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A Guide to IRA Accounts

A Guide to IRA Accounts

A Guide to IRA Accounts

An Individual Retirement Account (or IRA) is a retirement plan account that provides some tax advantages for retirement savings. There are a number of different types of IRA accounts, some being employer provided plans and others you set up yourself.
Traditional IRA
In a traditional IRA, the money is deposited before being taxed. It accumulates tax free on earnings until being withdrawn at retirement, at which point the money is taxed.
Since the money is contributed before taxes, you take a tax deduction for it (some exceptions), then let it grow until retirement. So, when you retire (presumably in a lower tax bracket) the money is taxed.
The main restriction on this one is that your annual contributions are only tax deductible if you’re not covered by a pension, 401K, or any other retirement plan where you work. You can contribute only certain amounts per person into a Traditional IRA each year if you’re under age 50, or slightly more if you’re over age 50.
A SEP IRA is a provision that allows an employer (typically a small business or self-employed individual) to make retirement plan contributions into a Traditional IRA established in the employee’s name, instead of to a pension fund account in the company’s name.
A simple IRA is a simplified employee pension plan that allows both employer and employee contributions, similar to a 401(k), but with lower contribution limits and simpler (and thus less costly) administration. Although it is termed an IRA, it is treated separately.
Education IRA
In the past, Education IRAs were fairly low brow with a very low maximum contribution. As of 2002, however, these investments became really useful by allowing you to contribute a much larger amount per child per year (subject to some income limitations). The money goes into a custodial account for benefit of the child to pay his/her qualifying education expenses.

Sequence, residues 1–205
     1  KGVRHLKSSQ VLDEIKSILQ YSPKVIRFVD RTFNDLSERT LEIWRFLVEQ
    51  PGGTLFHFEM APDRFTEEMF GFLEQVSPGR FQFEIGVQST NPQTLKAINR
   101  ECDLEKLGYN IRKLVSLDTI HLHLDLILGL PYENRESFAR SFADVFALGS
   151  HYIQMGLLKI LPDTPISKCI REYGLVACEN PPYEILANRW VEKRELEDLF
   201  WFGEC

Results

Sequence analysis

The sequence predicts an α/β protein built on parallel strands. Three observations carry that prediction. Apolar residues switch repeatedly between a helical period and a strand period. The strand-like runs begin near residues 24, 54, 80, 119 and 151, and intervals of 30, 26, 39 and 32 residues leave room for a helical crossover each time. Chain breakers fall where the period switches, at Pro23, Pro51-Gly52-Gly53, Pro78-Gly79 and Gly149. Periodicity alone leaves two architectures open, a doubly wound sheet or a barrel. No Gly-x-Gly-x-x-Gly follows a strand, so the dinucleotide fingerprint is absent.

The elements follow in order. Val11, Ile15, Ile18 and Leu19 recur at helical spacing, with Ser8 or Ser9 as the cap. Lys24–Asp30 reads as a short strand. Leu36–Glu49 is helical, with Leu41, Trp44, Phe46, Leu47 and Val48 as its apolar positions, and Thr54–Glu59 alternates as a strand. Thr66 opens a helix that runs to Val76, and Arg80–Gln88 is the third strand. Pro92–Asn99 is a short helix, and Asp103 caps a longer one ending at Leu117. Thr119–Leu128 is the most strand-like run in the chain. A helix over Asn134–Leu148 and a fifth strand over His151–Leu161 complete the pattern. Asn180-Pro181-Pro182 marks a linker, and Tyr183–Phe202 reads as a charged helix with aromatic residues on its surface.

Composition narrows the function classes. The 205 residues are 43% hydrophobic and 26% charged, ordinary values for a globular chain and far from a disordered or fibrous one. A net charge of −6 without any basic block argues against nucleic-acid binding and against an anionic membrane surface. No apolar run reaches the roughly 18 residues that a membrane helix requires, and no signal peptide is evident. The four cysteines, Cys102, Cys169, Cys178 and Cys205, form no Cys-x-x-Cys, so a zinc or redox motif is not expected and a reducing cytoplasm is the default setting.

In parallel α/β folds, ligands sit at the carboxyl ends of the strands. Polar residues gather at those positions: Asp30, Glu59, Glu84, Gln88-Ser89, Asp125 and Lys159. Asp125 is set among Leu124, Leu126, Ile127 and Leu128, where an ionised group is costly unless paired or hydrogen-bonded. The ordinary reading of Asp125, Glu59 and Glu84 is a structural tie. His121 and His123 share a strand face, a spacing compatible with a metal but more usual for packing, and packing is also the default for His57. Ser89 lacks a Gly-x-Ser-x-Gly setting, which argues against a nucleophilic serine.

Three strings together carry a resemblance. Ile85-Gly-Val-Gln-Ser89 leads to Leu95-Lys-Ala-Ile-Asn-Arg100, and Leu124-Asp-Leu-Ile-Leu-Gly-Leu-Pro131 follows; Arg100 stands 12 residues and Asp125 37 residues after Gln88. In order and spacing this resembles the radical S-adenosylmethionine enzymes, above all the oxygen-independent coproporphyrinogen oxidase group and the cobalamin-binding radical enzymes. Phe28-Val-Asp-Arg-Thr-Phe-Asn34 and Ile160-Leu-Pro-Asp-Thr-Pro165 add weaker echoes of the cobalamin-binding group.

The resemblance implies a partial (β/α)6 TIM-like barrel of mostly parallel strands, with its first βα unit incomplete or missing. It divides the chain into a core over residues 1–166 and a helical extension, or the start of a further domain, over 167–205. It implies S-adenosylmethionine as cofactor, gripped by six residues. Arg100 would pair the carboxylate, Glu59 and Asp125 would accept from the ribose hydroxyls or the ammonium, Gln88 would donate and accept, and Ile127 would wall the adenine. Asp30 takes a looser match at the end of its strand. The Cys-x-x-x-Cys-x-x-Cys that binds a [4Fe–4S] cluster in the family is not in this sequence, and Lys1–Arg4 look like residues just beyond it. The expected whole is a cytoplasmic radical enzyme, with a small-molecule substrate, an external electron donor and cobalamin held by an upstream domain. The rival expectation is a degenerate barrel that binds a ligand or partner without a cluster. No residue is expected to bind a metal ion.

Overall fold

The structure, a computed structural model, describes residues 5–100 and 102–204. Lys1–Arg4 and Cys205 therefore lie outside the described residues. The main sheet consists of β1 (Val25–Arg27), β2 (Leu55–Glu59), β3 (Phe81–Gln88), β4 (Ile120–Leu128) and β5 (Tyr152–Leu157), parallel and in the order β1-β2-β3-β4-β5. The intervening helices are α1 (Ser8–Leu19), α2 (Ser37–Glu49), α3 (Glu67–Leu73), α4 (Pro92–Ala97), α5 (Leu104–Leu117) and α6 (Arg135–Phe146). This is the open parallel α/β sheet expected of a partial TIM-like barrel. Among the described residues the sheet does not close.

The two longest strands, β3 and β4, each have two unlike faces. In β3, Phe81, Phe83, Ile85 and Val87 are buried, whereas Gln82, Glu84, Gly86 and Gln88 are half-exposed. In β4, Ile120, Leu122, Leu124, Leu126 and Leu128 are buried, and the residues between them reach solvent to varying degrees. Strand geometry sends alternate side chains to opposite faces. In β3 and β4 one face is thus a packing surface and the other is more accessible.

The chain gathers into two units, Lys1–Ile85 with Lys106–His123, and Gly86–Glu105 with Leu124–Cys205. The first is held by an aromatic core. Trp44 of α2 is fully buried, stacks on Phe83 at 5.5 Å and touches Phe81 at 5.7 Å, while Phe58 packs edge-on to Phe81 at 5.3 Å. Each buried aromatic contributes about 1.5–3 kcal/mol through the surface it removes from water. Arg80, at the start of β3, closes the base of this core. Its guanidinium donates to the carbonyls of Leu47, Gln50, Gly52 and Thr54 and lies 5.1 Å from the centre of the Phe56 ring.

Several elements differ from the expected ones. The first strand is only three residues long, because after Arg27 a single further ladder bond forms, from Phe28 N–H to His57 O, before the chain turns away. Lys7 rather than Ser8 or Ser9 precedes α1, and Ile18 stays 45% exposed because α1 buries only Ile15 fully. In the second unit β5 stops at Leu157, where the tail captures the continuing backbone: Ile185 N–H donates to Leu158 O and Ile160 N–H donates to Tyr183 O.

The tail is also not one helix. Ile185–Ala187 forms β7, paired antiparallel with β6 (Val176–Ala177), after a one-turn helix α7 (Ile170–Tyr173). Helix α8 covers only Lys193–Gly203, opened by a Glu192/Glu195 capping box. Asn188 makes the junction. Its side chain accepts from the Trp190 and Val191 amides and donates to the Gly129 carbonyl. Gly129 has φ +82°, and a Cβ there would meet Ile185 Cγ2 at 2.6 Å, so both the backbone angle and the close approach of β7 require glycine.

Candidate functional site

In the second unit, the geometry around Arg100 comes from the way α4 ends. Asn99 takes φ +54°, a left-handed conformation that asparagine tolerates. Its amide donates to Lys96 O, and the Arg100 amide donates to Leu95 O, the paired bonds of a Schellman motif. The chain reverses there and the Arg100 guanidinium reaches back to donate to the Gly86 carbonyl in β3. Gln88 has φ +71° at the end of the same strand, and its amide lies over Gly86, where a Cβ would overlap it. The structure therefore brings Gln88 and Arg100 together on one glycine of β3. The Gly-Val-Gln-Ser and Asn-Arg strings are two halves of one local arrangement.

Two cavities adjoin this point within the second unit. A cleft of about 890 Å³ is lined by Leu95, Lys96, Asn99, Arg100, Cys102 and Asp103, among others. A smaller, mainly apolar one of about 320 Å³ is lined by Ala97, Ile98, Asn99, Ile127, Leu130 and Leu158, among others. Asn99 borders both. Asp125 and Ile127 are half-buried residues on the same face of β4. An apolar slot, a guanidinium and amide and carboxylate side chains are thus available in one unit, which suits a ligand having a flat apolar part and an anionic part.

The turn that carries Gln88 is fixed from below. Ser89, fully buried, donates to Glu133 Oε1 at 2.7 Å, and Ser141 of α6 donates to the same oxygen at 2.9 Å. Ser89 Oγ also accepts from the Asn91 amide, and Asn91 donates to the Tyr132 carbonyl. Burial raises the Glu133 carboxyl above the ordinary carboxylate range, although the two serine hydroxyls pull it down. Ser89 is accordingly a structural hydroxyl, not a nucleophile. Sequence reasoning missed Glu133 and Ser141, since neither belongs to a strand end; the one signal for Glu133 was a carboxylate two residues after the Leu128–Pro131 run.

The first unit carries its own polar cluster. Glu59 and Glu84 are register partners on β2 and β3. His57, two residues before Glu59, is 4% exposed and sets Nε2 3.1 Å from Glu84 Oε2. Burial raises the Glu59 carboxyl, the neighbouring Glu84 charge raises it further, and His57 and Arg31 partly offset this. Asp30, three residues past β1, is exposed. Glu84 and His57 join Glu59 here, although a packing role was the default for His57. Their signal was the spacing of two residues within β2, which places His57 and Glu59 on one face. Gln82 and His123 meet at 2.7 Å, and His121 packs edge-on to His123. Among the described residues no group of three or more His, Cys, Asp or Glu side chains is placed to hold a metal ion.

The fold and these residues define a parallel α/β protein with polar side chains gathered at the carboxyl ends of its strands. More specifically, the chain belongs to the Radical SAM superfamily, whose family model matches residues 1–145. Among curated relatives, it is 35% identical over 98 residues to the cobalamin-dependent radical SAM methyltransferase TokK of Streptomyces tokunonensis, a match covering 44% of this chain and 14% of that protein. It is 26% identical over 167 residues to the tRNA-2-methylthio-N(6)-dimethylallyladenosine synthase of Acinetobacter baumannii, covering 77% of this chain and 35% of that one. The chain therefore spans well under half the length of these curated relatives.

Also, you can now use an Education IRA to pay for any kind of education, public or private, grade school, high school or college. It can also be used to pay for virtually any education-related expense, too tuition, fees, books, supplies, room and board, uniforms all that stuff.
Some rules to remember
Most retirement plans can be rolled into IRAs after meeting certain criteria, and most retirement plans can accept funds from an IRA. There are a few things that cannot be funded into an IRA, however. They include collectibles including valuable coins or life insurance. IRAs cannot generally hold real estate unless it is held as a form of security such as a real estate investment trust (REIT), or if the IRA is held by a custodian who makes all transactions. There are certain special restrictions on real estate held in an IRA, and IRA’s are exempt from most bankruptcy proceedings.
Unlike 401(k) accounts, borrowing against IRAs is generally not allowed. However, the rules regarding IRAs allow assets in them to be transferred from one account to another. This can be used to temporarily “borrow” money from the IRA, once per year. The money must be placed in another IRA account within 60 days to qualify as an “indirect rollover” and avoid taxes and penalties.
If you open an IRA account at your place of employment, most will allow you to keep the account even after you no longer work for them. Be sure to check with your employer on all policies concerning your IRA and whether or not the account will remain active after your employment has been terminated.
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